Aircraft used for qualified business purposes, such as Part 91 business use flights, are generally depreciated under MACRS over a period of five years or by using ADS with a six-year recovery period. There are certain uses of the aircraft, such as non-business flights, that may have an impact on the allowable depreciation deduction available in a given year.
The US enacted the 2017 Tax Cuts & Jobs Act into law on December 22, 2017. Under the new Act, taxpayers may be able to deduct up to 100% of the cost of a new or used aircraft purchased after September 27, 2017 and placed in service before January 1, 2023. This 100% expensing provision is a huge bonus for aircraft owners and operators.
After December 31, 2022 the Act decreases the percentage available each year by 20% to depreciate qualified business jets until December 31, 2026.
TABLE D - MACRS Depreciation Schedule
Table D depicts an example of using the MACRS schedule for a 2013 model Falcon 2000LX in private (Part 91) and charter (Part 135) operations over five- and seven-year periods, assuming a 2013 list price for a Falcon 2000LX at $19.75m (per Vref Pricing Guide).
Asking Prices & Quantity
As of this writing, the used Dassault Falcon 2000LX market showed a total of four aircraft ‘For Sale’ with one displaying an asking price of $13.1m. We also reviewed the used Bombardier Challenger 605 market (13 ‘For Sale’) with five displaying asking prices that range from $11m to $14.25m.
According to Vref, the average ten-year-old Falcon 2000LX value has a depreciated to 44% of its new retail price in 2007.
While each serial number is unique, the Airframe (AFTT) hours and age/condition will cause great variations in price on the used jets market. The final negotiated price remains to be decided between the seller and buyer before the sale of an aircraft is completed.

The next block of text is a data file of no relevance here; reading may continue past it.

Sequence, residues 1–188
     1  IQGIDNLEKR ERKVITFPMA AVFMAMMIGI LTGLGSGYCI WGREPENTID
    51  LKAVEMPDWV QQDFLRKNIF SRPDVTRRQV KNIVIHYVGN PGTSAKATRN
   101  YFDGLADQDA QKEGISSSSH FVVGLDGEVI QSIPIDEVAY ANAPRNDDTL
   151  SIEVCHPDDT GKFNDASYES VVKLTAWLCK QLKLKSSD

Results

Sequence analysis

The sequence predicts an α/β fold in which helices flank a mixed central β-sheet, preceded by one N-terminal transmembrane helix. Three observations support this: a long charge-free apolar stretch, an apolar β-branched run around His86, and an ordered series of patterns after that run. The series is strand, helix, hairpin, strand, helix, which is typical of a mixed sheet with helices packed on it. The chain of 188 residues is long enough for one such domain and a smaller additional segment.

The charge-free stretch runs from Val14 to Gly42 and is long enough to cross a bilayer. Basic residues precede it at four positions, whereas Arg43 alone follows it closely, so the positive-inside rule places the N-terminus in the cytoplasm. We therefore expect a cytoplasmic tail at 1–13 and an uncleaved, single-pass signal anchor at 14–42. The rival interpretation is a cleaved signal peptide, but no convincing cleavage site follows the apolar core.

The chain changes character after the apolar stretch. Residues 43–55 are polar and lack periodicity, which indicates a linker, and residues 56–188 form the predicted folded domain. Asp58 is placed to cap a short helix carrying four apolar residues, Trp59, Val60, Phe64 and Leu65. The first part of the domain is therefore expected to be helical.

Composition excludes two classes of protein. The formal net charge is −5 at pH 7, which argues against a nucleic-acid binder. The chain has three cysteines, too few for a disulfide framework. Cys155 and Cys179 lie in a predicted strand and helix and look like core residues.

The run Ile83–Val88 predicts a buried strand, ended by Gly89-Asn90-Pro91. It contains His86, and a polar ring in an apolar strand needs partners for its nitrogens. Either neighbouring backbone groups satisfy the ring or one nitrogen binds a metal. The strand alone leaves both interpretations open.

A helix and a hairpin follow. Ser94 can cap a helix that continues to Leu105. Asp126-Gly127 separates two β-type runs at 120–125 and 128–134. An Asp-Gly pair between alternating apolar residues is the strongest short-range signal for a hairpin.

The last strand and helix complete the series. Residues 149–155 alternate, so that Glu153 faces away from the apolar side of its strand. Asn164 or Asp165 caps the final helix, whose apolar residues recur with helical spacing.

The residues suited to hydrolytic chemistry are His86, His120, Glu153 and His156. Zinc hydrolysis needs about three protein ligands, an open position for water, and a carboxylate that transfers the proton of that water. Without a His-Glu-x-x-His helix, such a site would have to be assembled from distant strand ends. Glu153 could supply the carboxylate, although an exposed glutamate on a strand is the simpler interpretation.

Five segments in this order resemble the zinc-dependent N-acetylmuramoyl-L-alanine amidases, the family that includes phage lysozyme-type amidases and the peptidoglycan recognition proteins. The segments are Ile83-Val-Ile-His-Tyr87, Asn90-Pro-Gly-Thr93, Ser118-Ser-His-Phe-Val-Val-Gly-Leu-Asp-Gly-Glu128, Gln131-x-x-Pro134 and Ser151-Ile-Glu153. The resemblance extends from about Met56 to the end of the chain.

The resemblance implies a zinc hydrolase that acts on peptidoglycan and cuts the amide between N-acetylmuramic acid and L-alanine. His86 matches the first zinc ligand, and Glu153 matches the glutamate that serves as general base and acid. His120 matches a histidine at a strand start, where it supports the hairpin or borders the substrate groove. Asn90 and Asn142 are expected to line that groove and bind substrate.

The points in Chart E are centered on the same aircraft. Pricing used in the vertical axis is as published in the Vref Pricing Guide. The productivity index requires further discussion in that the factors used can be somewhat arbitrary. Productivity can be defined (and it is here) as the multiple of three factors:
Others may choose different parameters, but serious business aircraft buyers are usually impressed with Price, Range, Speed and Cabin Size. After consideration of the Price, Range, Speed and Cabin Size, we conclude that the Dassault Falcon 2000LX displays a fair level of productivity within its field.
CHART E - Productivity Comparison
The Falcon 2000LX business jet is offered at a much higher used price with similar range and cabin volume compared to the Challenger 605, though it does offer a lower ‘Available Payload with Maximum Fuel’ number. Additionally, the Falcon 2000LX has a lower hourly variable cost compared to the Challenger 605.
Operators should weigh up their mission requirements precisely when picking which option is the best for them.
Within the preceding paragraphs we have touched upon several of the attributes that business aircraft operators value. There are other qualities such as airport performance, terminal area performance, and time to climb that might factor in a buying decision.
The Falcon 2000LX continues to be popular today, and operators in the market should find the preceding comparison useful. Our expectations are that the Dassault Falcon 2000LX 'For Sale' and Bombardier Challenger 605 will continue to do well in the used jets market for the foreseeable future.
Of course, if these aircraft are not outfitted with ADS-B Out, they cannot be placed in operation after December 31, 2019, as mandated by the FAA, and that should be a key consideration of any buyer today.